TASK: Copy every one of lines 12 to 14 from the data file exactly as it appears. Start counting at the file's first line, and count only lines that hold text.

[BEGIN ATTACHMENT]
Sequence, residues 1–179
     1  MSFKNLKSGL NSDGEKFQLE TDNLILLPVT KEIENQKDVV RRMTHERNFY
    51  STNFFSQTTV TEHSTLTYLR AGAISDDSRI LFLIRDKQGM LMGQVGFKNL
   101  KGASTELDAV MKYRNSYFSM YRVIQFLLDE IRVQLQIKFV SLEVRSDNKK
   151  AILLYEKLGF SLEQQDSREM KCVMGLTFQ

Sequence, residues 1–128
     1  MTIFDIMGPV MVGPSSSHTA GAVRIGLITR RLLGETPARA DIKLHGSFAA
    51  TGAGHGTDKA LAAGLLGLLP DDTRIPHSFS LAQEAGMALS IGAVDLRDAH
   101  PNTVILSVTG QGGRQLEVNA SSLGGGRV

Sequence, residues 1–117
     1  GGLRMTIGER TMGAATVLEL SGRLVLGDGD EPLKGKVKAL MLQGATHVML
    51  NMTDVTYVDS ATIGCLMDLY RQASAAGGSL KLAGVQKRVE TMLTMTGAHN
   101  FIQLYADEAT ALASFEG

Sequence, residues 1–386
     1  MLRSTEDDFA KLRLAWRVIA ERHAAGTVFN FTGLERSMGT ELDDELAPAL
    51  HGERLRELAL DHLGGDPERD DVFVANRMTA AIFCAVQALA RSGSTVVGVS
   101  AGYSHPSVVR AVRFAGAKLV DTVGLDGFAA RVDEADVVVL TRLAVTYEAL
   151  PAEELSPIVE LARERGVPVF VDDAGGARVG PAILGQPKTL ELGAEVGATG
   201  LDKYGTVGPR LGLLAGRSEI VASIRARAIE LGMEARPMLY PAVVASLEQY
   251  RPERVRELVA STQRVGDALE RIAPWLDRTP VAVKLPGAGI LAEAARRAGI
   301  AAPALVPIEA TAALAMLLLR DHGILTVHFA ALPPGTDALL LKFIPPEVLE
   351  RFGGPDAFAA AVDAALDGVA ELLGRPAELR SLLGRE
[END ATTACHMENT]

    51  NMTDVTYVDS ATIGCLMDLY RQASAAGGSL KLAGVQKRVE TMLTMTGAHN
   101  FIQLYADEAT ALASFEG

Sequence, residues 1–386